Tuesday, June 3, 2008

World Food Summit

From the 3rd to the 5th of June 2008, more than 50 Heads of States and Governments gather in Rome for the World Food Security Summit "The Challenge of Climate Change and Bioenergy".

Food prices are at their highest in more than three decades and stores are extremely low.

It has been said that the current situation relies in various root causes:
- increasing growth of crops for fuel
- protecionist farm policy in developed countries
- shift to meat eating in many developing countries
- large food purchased by growing countries
- reduction in international assistance to poorest countries
- fluctuating climates in many food-production countries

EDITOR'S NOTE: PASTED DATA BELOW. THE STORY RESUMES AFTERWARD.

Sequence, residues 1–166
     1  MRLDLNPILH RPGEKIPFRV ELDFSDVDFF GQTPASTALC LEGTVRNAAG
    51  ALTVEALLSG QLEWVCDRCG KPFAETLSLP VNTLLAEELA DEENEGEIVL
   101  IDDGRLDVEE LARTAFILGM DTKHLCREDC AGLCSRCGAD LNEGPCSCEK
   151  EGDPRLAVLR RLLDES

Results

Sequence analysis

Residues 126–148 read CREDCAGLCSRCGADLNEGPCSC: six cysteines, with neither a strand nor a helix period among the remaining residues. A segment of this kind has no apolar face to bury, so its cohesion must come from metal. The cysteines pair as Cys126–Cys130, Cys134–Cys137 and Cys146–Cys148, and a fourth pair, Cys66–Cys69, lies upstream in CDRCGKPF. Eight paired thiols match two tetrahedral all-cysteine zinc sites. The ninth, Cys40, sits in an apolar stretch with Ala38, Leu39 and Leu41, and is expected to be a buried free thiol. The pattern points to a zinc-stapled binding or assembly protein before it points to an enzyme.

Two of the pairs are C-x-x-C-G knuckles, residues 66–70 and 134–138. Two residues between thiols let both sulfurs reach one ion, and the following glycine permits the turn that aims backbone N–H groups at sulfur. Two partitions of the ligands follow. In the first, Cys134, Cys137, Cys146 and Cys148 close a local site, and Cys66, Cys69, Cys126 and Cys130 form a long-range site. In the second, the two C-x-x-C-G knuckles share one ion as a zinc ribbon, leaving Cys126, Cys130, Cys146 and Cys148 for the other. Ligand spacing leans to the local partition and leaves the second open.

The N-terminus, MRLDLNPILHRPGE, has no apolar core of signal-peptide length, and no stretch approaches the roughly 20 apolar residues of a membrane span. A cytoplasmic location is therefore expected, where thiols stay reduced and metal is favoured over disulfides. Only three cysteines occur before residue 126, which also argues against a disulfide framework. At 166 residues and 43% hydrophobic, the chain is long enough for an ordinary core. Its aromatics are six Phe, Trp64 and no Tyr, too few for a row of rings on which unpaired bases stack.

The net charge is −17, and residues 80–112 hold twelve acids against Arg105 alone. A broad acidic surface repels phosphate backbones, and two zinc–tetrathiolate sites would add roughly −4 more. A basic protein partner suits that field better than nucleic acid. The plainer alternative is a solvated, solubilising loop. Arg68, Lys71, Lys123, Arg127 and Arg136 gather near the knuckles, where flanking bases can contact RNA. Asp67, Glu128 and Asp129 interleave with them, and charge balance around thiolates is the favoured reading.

One of the most interesting speeches was delivered by Mr. Luiz Inacio Lula da Silva, President of Brazil. In 2003 he launched the Zero Hunger Programme which contributed to giving meals to thousands of hungry brazilians. Mr Silva criticized the reports that were accusing ethanol producing countries, such Brazil, for the recent increase in food price. Biofuel, ha said, help to create more jobs and clean energy, and reduce pollution. Furthermore, he acknowledged the relevance of soaring oil prices, which amount for the 30% of the final cost.

The reason for the increase in food price relies in the above mentioned set of causes. A single country cannot be blamed for that, despite the criticism that the media always put on few of them.
FAO has reaffirmed its twin-track approach (alleviating impacts of high food prices and implementing short and long term agricultural policies) and has proposed the following options to be undertaken:
1) increase safety net and social protection
2) improving trade policies, either as export restriction or as import barriers
3) stimulating agricultural investments.

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